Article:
TALLAHASSEE — Florida religious leaders, labor unions and senior citizens marched to the state Capitol on Monday to protest a proposed constitutional amendment they say will lead to massive cuts to education and crucial social services.
Calling the Florida Legislature's revenue-capping Amendment 3 a "wolf in sheep's clothing," the group of about 50 said the proposal would slash education funding and pit seniors against the poor in a scramble for limited state dollars.
"This will not be good for the great citizens of the state of Florida," said the Rev. Richard Dunn, a Miami pastor. "It will not be good for our children, it will not be good for our seniors and it will not be good for the middle-class people."
Amendment 3 proposes to change the way state revenue caps are set, using a formula based on population size and inflation, rather than personal income growth. Once state revenue from taxes and other sources exceeds the new caps, excess money would be used to shore up a budget stabilization "rainy day" fund.
Proponents of Amendment 3 — which is backed by business groups — say it will force state lawmakers to spend more wisely and avoid overspending during times of economic growth.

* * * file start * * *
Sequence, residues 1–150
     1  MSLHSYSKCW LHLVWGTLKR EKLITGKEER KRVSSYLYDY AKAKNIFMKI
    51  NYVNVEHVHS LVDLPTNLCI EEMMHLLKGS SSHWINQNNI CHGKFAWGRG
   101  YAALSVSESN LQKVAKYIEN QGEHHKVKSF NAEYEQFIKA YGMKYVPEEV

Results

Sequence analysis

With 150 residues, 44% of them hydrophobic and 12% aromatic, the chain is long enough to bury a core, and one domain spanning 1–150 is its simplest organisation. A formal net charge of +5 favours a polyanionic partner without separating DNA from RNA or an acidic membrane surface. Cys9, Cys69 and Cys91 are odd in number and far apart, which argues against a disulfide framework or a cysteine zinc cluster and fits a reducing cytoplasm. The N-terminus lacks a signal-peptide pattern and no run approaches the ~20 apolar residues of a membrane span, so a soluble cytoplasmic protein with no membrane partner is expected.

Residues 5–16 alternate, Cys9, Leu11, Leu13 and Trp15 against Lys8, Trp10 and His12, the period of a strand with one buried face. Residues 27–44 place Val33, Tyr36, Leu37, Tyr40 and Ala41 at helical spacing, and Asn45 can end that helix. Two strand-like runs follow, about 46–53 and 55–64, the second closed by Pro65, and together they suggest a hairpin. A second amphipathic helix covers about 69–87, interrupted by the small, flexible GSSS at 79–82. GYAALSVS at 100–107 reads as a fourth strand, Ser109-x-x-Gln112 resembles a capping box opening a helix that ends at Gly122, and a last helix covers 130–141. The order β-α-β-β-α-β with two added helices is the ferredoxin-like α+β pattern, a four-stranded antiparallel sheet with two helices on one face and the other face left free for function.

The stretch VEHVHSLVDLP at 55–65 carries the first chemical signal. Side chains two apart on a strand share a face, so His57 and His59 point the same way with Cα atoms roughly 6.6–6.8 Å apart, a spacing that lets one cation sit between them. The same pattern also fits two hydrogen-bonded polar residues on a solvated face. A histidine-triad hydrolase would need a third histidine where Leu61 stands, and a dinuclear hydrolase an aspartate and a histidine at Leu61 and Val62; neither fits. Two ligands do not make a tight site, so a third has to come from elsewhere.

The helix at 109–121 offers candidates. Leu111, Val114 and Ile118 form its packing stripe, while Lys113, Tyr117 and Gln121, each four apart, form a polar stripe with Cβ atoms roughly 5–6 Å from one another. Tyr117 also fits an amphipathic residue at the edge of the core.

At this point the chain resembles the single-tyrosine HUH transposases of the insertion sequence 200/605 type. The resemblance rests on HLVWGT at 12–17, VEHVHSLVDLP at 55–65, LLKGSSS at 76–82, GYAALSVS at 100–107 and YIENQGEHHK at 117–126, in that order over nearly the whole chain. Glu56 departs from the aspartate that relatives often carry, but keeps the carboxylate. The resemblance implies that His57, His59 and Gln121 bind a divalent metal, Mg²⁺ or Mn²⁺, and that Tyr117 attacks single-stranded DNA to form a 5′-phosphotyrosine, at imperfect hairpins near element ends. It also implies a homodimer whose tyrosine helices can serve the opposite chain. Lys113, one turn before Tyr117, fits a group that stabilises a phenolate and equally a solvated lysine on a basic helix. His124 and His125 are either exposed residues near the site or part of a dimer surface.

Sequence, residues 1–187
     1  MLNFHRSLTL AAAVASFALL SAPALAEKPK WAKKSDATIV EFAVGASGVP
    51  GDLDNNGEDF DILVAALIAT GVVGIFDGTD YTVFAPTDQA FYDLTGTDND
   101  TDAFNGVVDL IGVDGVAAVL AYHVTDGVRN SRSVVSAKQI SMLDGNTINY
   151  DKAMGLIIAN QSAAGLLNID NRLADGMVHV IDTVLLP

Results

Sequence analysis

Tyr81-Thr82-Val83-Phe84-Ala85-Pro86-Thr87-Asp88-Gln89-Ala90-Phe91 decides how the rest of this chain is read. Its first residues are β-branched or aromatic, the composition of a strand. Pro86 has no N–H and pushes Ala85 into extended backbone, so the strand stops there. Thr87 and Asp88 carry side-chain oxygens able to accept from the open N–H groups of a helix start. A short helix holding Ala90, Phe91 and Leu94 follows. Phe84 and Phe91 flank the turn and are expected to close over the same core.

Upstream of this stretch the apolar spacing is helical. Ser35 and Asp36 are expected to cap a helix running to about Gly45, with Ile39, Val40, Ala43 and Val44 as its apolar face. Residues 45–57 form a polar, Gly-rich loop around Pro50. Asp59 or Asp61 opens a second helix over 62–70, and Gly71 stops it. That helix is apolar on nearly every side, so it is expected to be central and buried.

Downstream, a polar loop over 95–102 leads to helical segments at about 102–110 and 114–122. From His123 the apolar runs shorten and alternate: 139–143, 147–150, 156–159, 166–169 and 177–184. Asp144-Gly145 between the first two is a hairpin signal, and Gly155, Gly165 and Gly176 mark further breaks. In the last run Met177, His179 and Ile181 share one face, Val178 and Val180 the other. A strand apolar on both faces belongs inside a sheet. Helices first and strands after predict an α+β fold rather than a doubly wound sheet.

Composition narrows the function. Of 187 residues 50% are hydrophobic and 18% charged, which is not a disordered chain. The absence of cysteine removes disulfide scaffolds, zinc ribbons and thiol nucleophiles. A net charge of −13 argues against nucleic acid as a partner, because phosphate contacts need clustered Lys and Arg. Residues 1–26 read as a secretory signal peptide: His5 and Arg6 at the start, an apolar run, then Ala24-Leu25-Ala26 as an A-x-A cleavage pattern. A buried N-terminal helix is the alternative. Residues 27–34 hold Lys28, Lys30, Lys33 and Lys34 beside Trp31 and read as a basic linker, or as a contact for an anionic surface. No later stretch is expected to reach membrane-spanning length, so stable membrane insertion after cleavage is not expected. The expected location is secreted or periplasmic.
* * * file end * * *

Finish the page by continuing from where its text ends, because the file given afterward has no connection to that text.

"The less government takes, the more Floridians will keep," said Edie Ousley, a spokesperson for the Florida Chamber of Commerce. "Voting yes on Amendment 3 will send a message to our state leaders that the size of Florida's government shouldn't grow faster than the taxpayers' capacity to pay for it."
But opponents — who have begun to mobilize in religious groups, labor unions and senior communities — predict a much grimmer scenario.
Two speakers at Monday's rally bluntly stated that Amendment 3 would be "deadly." Fliers used by the "No On 3" campaign show a menacing wolf in a sheep costume lurking among a flock of unsuspecting sheep.
A similar proposal was approved in Colorado in 1992, but was later suspended by voters in that state. Voters in several other states have rejected similar proposals, the Orlando-based No On 3 campaign said.
Other speakers claimed that voters should reject all 11 constitutional amendments on this year's lengthy ballot, which features several controversial proposals on issues like abortion, property taxes and state funding for religious institutions.
To be added to the state Constitution, amendments require approval from 60 percent of voters.
Leon County Supervisor of Elections Ion Sancho told the group of protesters that all of this year's amendments represent "political issues placed on the ballot for political purposes."
"Since 1968, when we amended the Constitution, this is the first general election in which all of these constitutional amendments have been placed here by the Florida Legislature, not by citizens," said Sancho, who was joined at the rally by representatives from the AARP, Florida Alliance for Retired Americans and PICO United Florida, a network of 60 congregations.